I did some experiments with this, with some astronomy imaging software I'm writing. I captured using a built-in webcam, in a near totally dark room. The image on screen looked 100% black (see http://www.interealtime.com/1.jpg ). With some enhancement I could make out a rough shape of the furniture in the room. With 'long exposure', and some pretty heavy enhancement, I got a clear, fairly detailed image of the room! (See http://www.interealtime.com/5.jpg ). So this kind of long exposure really does help!
There is one HUGE advantage over stacking software too: this is realtime (at least i'm assuming this pc software is? If not, meh...) That means you can quickly see what you're imaging at the scope, rather than capturing for a few minutes, stacking, then processing. It saves a bunch of time, and it's a lot less fiddly and error prone.
This is the reason for me writing my own imaging software - it's 100% realtime, so you can do the stacking and post-process with a live video feed or ccd sensor, and get pretty much the same results as you'd get sitting around all night and spending half of the next day stacking and playing with photoshop. You can see immediately if something is going wrong. And it also means you can do something like 'enhanced viewing' - getting a good live view of those dim DSOs that you can normally barely see Not that it's perfect mind, it's not going to replace a high end setup and software that can take hours squeezing detail out of the images. If it comes close, I'll be happy.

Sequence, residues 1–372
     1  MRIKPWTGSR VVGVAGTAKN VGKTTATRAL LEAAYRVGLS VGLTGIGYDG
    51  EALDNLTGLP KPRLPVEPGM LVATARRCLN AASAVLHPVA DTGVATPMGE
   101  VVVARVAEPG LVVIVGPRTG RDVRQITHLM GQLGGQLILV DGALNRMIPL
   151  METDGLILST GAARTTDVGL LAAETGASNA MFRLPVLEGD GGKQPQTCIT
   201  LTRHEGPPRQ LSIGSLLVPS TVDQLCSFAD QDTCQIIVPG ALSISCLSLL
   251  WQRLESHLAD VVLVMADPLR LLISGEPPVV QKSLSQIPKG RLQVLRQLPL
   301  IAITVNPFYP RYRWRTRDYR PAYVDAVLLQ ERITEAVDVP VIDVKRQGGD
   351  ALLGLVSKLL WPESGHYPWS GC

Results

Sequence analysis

One thing to be aware of with all this btw: high bit-depth images are absolutely critical if you're after dark objects - if it saves out as regular 8-bit images, you lose so much information it's almost worthless. A minimum of 16bit TIFF or PNG (or similar) is needed, 32bit is better. And if it's not processing in 32bit internally, the best you can hope for is to get rid of some noise.
Posted 04 June 2010 - 08:21 AM
Even though it's not true long exposures, it would still prove useful for astronomy.
Posted 04 June 2010 - 12:16 PM
I like the real time mode "Exposure" has, but I'm not sure that this application will turn a planet cam into a rudimentary DSO cam but it will be fun to try it out.
Posted 04 June 2010 - 06:12 PM
Posted 05 June 2010 - 11:10 PM
Did you try your stacking software with telescope? If yes, what magnitude you were able to detect?
Posted 08 June 2010 - 10:26 AM
Posted 10 July 2010 - 08:44 AM
All sounds promising, I have several modified webcams, including Meade's Color CMOS USB cam and I cannot get nothing but planetary and bright stars such as Vega....
Posted 12 July 2010 - 10:04 AM